NIST (National Institute of Standards and Technology)
What is NIST?
NIST is a non-regulatory agency that promotes and maintains standards of measurement to enhance economic security and business performance.
In response to growing cybersecurity concerns, NIST created the CSF (Cybersecurity Framework) and RMF (Risk Management Framework) for organizations to use as guidance for cybersecurity best practice.
NIST CSF (Cybersecurity Framework)
The CSF is a voluntary framework primarily intended for critical infrastructure organizations to manage and mitigate cybersecurity risk based on existing standards, guidelines, and practices. However, the CSF has proven to be flexible enough to also be implemented by non-US and non-critical infrastructure organizations. The CSF is a living document – it recognizes that continual improvement is necessary to adapt to changing industry needs. As such, version 1.1 was recently released.
Part of the CSF’s flexibility lies in how it recognizes five main activities (‘categories’) within cybersecurity – identify, protect, detect, respond, and recover – that can be further broken down into more specific and organization-dependent activities and objectives (‘subcategories’). This helps organizations to take and maintain a structured approach, while meeting their specific requirements.
At the core of these activities lies risk management. Taking a risk-based approach is generally key to effective security, which is also reflected in ISO 27001, the international standard for information security. To help organizations better manage their risk, NIST has published its dedicated RMF.
Find out how the NIST CSF and ISO 27001 can work in conjunction to help your organization achieve its cybersecurity needs >>
NIST RMF (Risk Management Framework)
NIST’s RMF provides a structured approach to risk management, ensuring that risk is managed in line with the organization’s requirements, business objectives, and risk appetite. And as stated earlier, effective risk management is fundamental to an organization’s cybersecurity.
The RMF is effectively a six-step cycle. After identifying your critical assets and their associated risks, you have to determine how significant these risks are, and whether they require treatment. If they do, you should implement appropriate controls, which have to be documented and checked. Once these controls have been authorized, they then have to be monitored, ultimately allowing for continual improvement.
NIST implementation and compliance
In May 2017, President Trump signed an executive order mandating agency heads to manage their cybersecurity risk using NIST’s CSF. They were also required to provide a “risk management report” to the Secretary of Homeland Security and the Director of the OMB (Office of Management and Budget), which needs to include an implementation action plan.
Even without this requirement, implementing the CSF has several notable advantages for organizations in general. Due to its flexible nature, the Framework is a good way of achieving compliance with laws and regulations where information security is key, including HIPAA (Health Insurance Portability and Accountability Act), FISMA (Federal Information Systems Management Act), and SOX (Sarbanes–Oxley Act). Knowing that the CSF is widely implemented by similar organizations also allows for a ‘common language’, resulting in better communication when sharing threat information.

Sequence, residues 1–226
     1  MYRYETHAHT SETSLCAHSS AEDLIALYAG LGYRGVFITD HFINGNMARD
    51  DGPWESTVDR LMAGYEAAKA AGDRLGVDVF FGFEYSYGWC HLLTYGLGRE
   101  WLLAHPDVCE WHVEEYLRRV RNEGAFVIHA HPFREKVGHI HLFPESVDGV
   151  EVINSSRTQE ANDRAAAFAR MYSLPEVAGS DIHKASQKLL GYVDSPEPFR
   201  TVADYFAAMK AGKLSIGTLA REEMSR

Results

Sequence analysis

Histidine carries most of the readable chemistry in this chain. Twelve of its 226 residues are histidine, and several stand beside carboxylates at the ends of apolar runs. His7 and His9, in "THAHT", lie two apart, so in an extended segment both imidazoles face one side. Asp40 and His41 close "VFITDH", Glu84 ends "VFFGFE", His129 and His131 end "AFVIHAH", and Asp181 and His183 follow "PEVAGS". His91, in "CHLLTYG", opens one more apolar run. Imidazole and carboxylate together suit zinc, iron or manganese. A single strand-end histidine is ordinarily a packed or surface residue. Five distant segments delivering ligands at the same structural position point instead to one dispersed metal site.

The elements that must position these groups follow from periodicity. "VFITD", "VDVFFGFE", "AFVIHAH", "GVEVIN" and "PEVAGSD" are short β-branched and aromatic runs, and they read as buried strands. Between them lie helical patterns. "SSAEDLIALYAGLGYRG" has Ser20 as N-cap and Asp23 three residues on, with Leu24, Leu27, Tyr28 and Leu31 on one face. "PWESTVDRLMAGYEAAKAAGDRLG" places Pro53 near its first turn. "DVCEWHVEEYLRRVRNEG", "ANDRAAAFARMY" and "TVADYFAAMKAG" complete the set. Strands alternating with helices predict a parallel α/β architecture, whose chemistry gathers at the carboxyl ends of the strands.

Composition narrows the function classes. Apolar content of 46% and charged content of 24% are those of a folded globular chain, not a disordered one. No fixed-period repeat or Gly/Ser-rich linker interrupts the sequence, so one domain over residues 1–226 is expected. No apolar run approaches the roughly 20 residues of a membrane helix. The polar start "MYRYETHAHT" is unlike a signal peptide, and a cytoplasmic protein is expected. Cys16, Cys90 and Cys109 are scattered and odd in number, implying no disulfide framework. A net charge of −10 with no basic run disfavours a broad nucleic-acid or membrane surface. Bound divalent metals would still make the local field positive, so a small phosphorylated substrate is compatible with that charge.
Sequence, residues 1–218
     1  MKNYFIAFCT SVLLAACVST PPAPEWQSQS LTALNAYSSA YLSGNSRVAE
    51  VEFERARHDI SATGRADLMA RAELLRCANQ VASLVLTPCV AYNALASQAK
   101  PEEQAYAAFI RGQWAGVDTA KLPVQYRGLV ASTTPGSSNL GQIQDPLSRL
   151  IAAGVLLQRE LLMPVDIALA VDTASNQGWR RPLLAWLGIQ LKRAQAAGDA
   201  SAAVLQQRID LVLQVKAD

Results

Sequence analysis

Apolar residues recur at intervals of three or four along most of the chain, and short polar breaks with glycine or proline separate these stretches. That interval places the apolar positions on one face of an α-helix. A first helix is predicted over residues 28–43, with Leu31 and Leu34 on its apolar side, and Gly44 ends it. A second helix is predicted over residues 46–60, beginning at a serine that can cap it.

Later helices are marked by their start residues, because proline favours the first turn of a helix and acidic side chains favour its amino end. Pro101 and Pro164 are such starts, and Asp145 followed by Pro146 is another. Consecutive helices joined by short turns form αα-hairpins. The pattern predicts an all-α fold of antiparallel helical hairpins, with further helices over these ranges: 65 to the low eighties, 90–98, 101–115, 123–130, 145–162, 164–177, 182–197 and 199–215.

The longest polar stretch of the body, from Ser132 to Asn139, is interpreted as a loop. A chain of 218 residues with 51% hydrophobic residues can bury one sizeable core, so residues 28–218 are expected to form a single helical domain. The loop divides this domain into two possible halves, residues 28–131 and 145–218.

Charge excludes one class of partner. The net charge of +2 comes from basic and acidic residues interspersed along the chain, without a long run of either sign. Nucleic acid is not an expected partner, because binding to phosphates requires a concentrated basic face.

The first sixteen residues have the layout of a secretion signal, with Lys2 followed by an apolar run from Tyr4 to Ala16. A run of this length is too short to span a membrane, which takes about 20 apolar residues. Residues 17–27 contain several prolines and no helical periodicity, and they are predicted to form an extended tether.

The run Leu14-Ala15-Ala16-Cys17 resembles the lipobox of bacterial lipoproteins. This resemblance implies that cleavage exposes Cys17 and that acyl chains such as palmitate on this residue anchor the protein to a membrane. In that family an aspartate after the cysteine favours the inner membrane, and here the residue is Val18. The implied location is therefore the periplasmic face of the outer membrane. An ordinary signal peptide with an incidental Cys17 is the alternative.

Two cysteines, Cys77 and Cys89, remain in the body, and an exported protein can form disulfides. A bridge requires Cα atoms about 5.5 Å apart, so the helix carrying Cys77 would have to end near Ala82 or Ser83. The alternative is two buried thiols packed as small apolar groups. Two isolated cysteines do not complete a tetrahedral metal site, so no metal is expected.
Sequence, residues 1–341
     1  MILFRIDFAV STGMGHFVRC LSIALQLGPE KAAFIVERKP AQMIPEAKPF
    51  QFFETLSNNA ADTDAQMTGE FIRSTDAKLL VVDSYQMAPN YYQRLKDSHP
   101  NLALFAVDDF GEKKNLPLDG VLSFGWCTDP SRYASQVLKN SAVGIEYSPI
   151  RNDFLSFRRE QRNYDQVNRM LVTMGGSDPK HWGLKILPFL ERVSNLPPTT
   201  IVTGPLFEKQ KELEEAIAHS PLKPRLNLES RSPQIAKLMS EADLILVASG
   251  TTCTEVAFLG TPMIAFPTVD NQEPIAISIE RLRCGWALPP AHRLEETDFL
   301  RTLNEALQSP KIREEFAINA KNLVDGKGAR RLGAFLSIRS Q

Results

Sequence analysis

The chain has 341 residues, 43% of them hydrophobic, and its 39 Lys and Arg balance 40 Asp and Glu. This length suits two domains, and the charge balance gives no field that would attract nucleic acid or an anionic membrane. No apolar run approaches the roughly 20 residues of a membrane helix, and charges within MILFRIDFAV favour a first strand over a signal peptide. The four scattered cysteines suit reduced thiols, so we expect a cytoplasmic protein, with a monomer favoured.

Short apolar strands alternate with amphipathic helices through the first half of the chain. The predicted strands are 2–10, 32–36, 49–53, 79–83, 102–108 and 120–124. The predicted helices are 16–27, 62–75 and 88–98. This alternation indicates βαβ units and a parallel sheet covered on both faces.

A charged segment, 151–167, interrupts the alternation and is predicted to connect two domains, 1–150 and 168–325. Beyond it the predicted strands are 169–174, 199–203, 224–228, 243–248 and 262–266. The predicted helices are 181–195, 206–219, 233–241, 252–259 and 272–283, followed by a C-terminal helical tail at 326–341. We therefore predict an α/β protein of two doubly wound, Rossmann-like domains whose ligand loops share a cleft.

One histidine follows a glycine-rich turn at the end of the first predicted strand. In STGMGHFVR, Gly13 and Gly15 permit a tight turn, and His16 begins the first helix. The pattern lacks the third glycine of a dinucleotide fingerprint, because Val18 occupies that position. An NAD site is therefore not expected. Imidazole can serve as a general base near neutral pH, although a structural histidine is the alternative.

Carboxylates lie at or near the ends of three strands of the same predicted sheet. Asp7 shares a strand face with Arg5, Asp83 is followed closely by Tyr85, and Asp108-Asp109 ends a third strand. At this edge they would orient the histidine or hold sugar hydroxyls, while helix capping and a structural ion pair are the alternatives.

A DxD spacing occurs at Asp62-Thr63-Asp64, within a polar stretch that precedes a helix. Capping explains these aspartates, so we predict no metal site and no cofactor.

NIST SPs (Special Publications) 800-53 and 800-171
NIST SP 800-53 “Security and Privacy Controls for Federal Information Systems and Organizations” details which controls it recommends for all US federal information systems (excluding those in national security). As NIST SP 800-53 contains a tremendous set of 272 recommended controls, NIST created SP 800-171, a simplified version with just 114 controls, serving as a more approachable framework for contractors to implement.
NIST SP 800-171 “Protecting Controlled Unclassified Information in Nonfederal Systems and Organizations” details requirements to protect CUI (Controlled Unclassified Information) – information that necessitates protecting or dispersing controls consistent with laws, regulations, and policies.
The cybersecurity requirements in the DFARS (Defense Federal Acquisition Regulation Supplement) mandate all DoD contractors and subcontractors to be compliant with the NIST SP 800-171 security controls, with the goal of making organizations more secure. Failing to comply with SP 800-171 could result in the loss of federal contracts.
Accountability and auditing
Federal contractors aiming to achieve compliance with NIST SP 800-171 can find guidelines for reviewing their security systems in the “DoD Guidance for Reviewing System Security Plans and the NIST SP 800-171 Security Requirements Not Yet Implemented”.
There are three ways that contractors can comply:
- Self-assess their compliance, and make an attestation that they are complying with the DFARS and have implemented the NIST SP 800-171 security controls.
- A third-party organization can provide external auditing on the contractor or certification that the contractor has met the requirements for certification.
- A federal team can be dispatched to inspect the contractor’s security plan.
The first level of assessment is the easiest to implement but lacks the credibility that the other two levels would provide. The third level – an inspection conducted by a federal team – is only available to certain contractors.
The second level of compliance with a third-party organization is achievable in various ways. One way for contractors to get started on their compliance journey is by achieving ISO 27001 certification.
Gain a clear understanding of the NIST (National Institute of Standards and Technology) Cybersecurity Framework with this essential pocket guide:
NIST Cybersecurity Framework